Miami in the 1970s and 80s was a much more chaotic place than today, and that is in part because of a woman named Griselda Blanco. Known as La Madrina (or The Godmother), Blanco rose to become the city’s biggest cocaine dealer, leaving a path of death and destruction in her wake. Given the amount of films and shows made about some of history’s most notorious narcos, like Pablo Escobar and El Chapo, it was only a matter of time before someone made a quality story for the screen about the most infamous female drug trafficker known to date.
Starring Emmy-nominated, Colombian-American actor Sofía Vergara, “Griselda” brings to light a fresh take on the typical narco tale that at times can feel almost empowering — that is, until you discover just how grisly the queenpin could be. Right from the opening scene, director Andrés Baiz (who both worked on the “Narcos” series for Netflix) shows you exactly who Griselda is: Beautiful. Well-dressed. Tough as nails. Her hands bloody, we see her tending to a nasty gash on her abdomen. Patching herself up with whatever she can scrape together in a small household bathroom, she remains collected. It’s a perfect visual for the sort of woman she is. Or at least, the woman she is at the start.
Much like Baiz and “Griselda” co-creator and executive producer Eric Newman managed to make Escobar near-likable by showing his commitment to the people of Medellín in “Narcos,” it’s nearly impossible not to root for Griselda at first. She’s a former sex worker escaping an abusive husband, looking for a way to make money in a particularly sexist industry. She’s also raising three sons in a country where she’s practically on her own. We feel for our chaotic heroine each and every time someone sells her out or turns her away. Even when she tells a lie or three, it’s because it’s what she has to do to provide for her family. Plus, all the men around her are absolutely awful (as drug traffickers tend to be), so it’s not hard to be on her side.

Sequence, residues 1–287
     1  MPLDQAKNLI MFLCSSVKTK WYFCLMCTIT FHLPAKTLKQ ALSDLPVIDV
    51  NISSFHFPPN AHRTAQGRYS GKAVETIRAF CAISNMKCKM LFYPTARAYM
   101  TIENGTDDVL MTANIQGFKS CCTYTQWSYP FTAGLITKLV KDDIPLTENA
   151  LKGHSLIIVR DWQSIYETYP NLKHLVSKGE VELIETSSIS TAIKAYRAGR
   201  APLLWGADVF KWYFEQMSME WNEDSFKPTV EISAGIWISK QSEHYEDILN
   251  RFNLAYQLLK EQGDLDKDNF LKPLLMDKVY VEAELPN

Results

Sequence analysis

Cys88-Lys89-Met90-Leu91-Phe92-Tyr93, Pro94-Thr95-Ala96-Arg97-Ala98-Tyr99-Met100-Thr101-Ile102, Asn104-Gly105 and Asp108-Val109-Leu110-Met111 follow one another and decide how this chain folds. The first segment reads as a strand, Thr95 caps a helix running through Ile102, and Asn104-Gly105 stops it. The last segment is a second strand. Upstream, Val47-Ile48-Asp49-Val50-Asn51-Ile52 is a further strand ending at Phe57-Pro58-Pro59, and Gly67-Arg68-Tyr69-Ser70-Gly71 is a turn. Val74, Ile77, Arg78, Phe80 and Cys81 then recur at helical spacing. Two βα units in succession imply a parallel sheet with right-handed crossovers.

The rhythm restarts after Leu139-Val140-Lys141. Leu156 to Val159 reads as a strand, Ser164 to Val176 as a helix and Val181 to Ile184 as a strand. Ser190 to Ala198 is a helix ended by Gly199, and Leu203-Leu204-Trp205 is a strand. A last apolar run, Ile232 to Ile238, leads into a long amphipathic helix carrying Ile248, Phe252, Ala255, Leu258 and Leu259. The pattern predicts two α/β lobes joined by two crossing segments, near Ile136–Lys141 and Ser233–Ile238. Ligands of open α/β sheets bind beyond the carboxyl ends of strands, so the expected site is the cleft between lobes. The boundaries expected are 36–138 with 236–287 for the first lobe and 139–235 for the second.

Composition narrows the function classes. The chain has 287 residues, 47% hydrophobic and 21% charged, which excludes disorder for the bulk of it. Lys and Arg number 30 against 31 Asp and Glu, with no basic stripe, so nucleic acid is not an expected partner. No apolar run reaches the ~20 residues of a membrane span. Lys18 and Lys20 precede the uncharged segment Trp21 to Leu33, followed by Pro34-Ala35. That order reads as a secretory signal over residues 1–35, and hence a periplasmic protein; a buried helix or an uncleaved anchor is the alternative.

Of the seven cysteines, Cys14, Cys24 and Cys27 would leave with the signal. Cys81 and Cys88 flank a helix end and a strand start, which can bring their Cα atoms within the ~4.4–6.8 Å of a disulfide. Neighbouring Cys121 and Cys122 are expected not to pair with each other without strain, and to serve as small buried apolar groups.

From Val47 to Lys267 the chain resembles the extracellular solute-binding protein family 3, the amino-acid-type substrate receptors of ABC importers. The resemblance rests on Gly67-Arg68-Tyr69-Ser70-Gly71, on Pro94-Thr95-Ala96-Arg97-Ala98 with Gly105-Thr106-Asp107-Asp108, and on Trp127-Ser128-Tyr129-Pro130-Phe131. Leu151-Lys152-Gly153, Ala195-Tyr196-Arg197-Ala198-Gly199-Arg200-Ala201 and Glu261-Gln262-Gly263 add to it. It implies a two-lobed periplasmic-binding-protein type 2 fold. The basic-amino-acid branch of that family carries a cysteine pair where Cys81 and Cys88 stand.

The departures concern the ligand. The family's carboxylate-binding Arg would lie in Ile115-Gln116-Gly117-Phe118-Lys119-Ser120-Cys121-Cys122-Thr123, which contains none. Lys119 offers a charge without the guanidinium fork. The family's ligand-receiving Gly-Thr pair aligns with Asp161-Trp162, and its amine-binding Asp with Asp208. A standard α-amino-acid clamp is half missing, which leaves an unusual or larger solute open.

Speaking of the men around her, the show has a bit of a rotating cast of characters that includes a bevy of Latin American talent from Alberto Guerra (“El Señor de los Cielos”) and “Metastasis” star Diego Trujillo, to Fredy Yate (“The Queen of Flow”) and Christian Tappan of “La Reina del Sur.” You’ll also see some “Narcos” and “Narcos: Mexico” alums, including José Zúñiga (Rebollo in “Narcos: Mexico”) and Alberto Ammann (who played Pacho Herrera in both shows), though they are not reprising their old roles.
The series makes it clear that Griselda has worked in the drug trafficking business for some time, having set up shop in Queens with her now-former husband. It’s even insinuated that she was the brains of the operation. As the story unfolds, Griselda begins to try and make allies in Miami, including reluctant old friend Carmen (Vanessa Ferlito of “NCIS: New Orleans”). Soon after, it becomes apparent that she really is as clever and resourceful as some say. She enlists a slew of sex workers she knew in Colombia to help with her drug operation, including Carla (played by the wildly popular Colombian singer Karol G). Despite a few setbacks and making fast enemies of the local traffickers, it’s obvious that La Madrina will run the operation before long
But no narco story would be complete without cops, so that’s where Detective June Hawkins (Juliana Aidén Martinez) comes in. Not unlike Griselda, June is also a mother working in a predominantly male field. You see the way she faces ridicule and disrespect daily (in one scene, her male colleagues turn down the thermostat so June’s nipples become visible through her blouse, while having a laugh at her expense). Despite the constant harassment and hazing, though, it’s clear that June is a much better detective than most. She quickly pieces together that it’s a lady narco who is slowly taking over Miami’s drug rings.
Halfway through the six-episode series, things begin to feel rushed. The Cocaine Cowgirl’s rise to the top is a beat too fast, and her side step into ruthlessness begins. It’s gratifying to see her holding cour in the neon-colored VIP section of the Mutiny — a popular Miami nightclub that was a hotspot for cartel activity — but feels tainted by the blood she had to have spilled to get there.
Not long after, a familiar downfall trajectory begins to unfold. Whether it’s having entirely too much money (Blanco is purported to have been worth around $2 billion) or too much cocaine, Griselda’s ambitions start to get in her own way. As paranoia takes hold of her decision making, she becomes needlessly sloppy and aggressive, taking out more and more people unnecessarily. A birthday party scene takes some especially dark turns, signaling that the queenpin is likely on her way out.
Despite some creative license to make the story more enjoyable, watching Griselda’s complex journey unfold over the Netflix limited series is about as satisfying as it gets. From a killer soundtrack (everything from Boney M. to the Miami Sound Machine) killer wardrobe (shoutout to those next-level jumpsuits), killer makeup job (no, that is not her actual nose) and killer cast (if anyone ever doubted Vergara’s dramatic chops, this will shut them up), this latest show is sure to have streaming audiences talking long after its release.
“Griselda” premieres Thursday, Jan. 25, on Netflix.
The post ‘Griselda’ Review: Sofía Vergara Breaks Into Drama in Netflix’s Killer Queenpin Story appeared first on TheWrap.